How To Install A Dishwasher

by Darwin Hall


Installing a dishwasher requires planning for the project.

The main points to remember when planning to install a dishwasher are: location of your waterlines, the location of an electrical outlet to plug or wire the unit to, and the drain outlet that is usually connected to an undersink garbage disposer.

The best installation area for a dishwasher is next to the kitchen sink, preferably with an electrical outlet ready to go underneath the base cabinet.

1.  Preparing the opening.  It is usually best to install new flooring first so that the dishwasher can be removed for repairs or be replaced without tearing up the floor.

The flooring material should cover the space under the dishwasher so its edge won’t form a dam and trap any water that leaks.

Vinyl floors are especially suitable because they are water-resistant and can be tightly sealed.

Before installing a dishwasher, check the manufacturer’s specifications for all clearances and rough-in dimensions.  The specifications will also indicate where pipes and wires can run without interfering with the mechanisms.

See also:  Fix A Dishwasher That Won’t Cut Back On

Most cabinet openings should be 24 1/8 inches to 24 ½ inches wide.  If the installation is next to a sink, you can tap into the plumbing.

Most dishwashers require water that is somewhere between 120 degrees and 140 degrees F, unless they have a preheating feature.

dishwasher and wood2.  Roughing-in the drain hose.  A 5/8 inch diameter (inside) drain hose comes with the dishwasher.

It is usually 6 or 7 feet long.  If it is not long enough, buy more hose and join it by slipping a short piece of copper tubing inside both hose ends and clamping the ends of the hoses tightly around the tubing.

Most codes require that the drain hose have an air gap to prevent overflow from a clogged sink drain from siphoning back into the dishwasher.

This device is mounted in a hole in the sink deck or countertop.

The drain hose is connected to the air-gap inlet under the counter, and another short hose connects the outlet to the disposer or sink drain.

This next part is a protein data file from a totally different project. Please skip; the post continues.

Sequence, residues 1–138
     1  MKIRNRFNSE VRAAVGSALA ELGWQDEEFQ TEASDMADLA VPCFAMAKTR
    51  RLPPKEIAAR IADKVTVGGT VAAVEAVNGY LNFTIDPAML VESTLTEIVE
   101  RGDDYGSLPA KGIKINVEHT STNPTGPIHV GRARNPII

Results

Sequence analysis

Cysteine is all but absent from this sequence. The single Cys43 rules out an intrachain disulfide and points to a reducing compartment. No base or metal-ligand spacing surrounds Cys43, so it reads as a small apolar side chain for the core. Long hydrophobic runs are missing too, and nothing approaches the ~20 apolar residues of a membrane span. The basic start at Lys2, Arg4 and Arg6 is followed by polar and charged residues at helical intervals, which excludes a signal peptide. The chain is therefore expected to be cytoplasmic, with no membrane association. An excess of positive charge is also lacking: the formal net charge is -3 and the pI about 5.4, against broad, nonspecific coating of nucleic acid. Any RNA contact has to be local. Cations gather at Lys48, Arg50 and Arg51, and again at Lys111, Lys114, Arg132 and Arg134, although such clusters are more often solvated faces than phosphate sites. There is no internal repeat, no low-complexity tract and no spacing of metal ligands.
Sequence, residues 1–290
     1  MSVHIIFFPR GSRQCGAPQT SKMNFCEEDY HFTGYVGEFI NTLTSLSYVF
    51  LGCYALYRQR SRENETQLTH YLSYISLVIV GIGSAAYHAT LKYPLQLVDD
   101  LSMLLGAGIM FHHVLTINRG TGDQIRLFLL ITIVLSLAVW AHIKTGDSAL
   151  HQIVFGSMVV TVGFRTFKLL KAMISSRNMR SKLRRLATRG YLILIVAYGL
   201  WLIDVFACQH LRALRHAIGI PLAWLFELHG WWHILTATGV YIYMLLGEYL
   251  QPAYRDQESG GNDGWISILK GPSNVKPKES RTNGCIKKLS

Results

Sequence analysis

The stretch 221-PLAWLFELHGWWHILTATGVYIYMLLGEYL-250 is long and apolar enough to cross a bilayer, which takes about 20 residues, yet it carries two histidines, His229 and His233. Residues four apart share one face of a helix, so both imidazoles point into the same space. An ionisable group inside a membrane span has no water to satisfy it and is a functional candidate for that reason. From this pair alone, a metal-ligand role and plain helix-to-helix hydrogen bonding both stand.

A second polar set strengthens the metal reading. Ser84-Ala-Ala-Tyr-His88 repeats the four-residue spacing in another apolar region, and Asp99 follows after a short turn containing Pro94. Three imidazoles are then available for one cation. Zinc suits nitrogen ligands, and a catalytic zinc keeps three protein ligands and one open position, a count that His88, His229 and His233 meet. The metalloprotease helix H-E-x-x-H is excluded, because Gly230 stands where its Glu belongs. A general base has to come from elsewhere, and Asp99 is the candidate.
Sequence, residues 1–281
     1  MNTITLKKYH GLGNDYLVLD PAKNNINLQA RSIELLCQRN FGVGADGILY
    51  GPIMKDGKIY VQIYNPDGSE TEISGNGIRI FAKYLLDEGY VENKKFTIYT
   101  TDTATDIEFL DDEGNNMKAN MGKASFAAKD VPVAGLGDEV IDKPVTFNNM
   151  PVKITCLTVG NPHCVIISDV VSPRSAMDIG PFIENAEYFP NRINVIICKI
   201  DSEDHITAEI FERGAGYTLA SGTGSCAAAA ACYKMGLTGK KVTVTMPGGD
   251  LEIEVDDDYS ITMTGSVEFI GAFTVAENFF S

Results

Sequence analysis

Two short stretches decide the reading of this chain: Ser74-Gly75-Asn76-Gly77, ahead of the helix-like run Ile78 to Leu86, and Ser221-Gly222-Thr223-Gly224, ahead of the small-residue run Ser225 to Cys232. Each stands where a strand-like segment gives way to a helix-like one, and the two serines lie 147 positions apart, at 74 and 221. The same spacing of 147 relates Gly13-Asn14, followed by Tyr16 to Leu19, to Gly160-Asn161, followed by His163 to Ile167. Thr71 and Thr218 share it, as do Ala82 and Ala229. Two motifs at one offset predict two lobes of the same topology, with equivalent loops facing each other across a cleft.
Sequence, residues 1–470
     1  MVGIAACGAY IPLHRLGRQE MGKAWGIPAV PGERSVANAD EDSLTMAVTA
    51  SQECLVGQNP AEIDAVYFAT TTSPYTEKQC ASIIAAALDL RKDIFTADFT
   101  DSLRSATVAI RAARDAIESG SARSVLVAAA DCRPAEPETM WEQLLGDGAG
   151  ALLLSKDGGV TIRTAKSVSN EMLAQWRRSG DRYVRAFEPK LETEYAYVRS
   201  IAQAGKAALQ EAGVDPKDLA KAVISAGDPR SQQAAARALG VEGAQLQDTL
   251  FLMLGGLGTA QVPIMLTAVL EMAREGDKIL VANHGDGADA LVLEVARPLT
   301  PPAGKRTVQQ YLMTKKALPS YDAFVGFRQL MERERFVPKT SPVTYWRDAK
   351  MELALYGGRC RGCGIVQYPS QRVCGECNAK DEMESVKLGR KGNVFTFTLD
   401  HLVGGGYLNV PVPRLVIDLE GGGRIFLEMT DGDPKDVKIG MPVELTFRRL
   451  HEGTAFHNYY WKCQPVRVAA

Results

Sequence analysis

Water can flow only one way through the air-gap.  If you are not required to install an air-gap,  you should still loop the drain hose up to the bottom of the countertop and attach it there with a clamp.  Then run the hose into the disposer or sink drain.

3.  Roughing in the hot-water supply.  The dishwasher should have it’s own valve.  Install a tee in the hot water supply pipe running to the sink faucet or run a new hot-water line under the floor and stub up into the dishwasher space.

Check specifications for the size of the tubing needed to connect the valve to the dishwasher (usually 3/8 inch), and be sure the valve has an outlet for a compression fitting the size of the tubing.

4.  Roughing in the electrical wiring.  Dishwashers are usually required to be on a separate circuit protected by one 20-amp breaker, but in some cases you may be able to wire the dishwasher into the same circuit as the disposer.  Check your local code.

If the dishwasher requires it’s on outlet or junction box, check the manufacturer’s specifications for locating it.

Some units have a standard household cord for plugging into a wall receptacle, often located in the dishwasher space or under the sink.  Others have a shortened cable for wiring directly to the junction box.  Still others include their own junction box for mounting on the floor.

5.  Installing the dishwasher.  Slide the dishwasher in place and secure it to the floor with lag bolts or heavy screws.  Make connections, usually underneath the unit, according to the manufacturer’s instructions.

Watch the VideoTurn on the circuit breaker and the water supply valves and run the machine through a cycle test.  If everything checks out, secure it to the countertop and install the base panel.

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